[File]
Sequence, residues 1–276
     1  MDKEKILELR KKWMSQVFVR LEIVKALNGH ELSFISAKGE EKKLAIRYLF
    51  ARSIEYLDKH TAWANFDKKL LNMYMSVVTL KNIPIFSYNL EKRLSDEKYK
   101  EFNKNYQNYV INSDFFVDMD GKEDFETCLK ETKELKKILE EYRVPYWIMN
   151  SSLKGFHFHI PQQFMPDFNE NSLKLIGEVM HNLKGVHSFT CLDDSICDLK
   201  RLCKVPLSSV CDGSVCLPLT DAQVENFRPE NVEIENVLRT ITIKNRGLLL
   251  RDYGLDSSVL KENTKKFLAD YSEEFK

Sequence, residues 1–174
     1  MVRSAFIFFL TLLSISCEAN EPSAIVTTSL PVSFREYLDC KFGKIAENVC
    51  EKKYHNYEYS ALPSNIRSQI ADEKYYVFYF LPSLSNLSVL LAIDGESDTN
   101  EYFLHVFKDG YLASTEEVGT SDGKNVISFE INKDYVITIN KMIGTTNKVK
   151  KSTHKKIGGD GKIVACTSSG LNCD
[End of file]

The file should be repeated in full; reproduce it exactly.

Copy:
Sequence, residues 1–276
     1  MDKEKILELR KKWMSQVFVR LEIVKALNGH ELSFISAKGE EKKLAIRYLF
    51  ARSIEYLDKH TAWANFDKKL LNMYMSVVTL KNIPIFSYNL EKRLSDEKYK
   101  EFNKNYQNYV INSDFFVDMD GKEDFETCLK ETKELKKILE EYRVPYWIMN
   151  SSLKGFHFHI PQQFMPDFNE NSLKLIGEVM HNLKGVHSFT CLDDSICDLK
   201  RLCKVPLSSV CDGSVCLPLT DAQVENFRPE NVEIENVLRT ITIKNRGLLL
   251  RDYGLDSSVL KENTKKFLAD YSEEFK

Sequence, residues 1–174
     1  MVRSAFIFFL TLLSISCEAN EPSAIVTTSL PVSFREYLDC KFGKIAENVC
    51  EKKYHNYEYS ALPSNIRSQI ADEKYYVFYF LPSLSNLSVL LAIDGESDTN
   101  EYFLHVFKDG YLASTEEVGT SDGKNVISFE INKDYVITIN KMIGTTNKVK
   151  KSTHKKIGGD GKIVACTSSG LNCD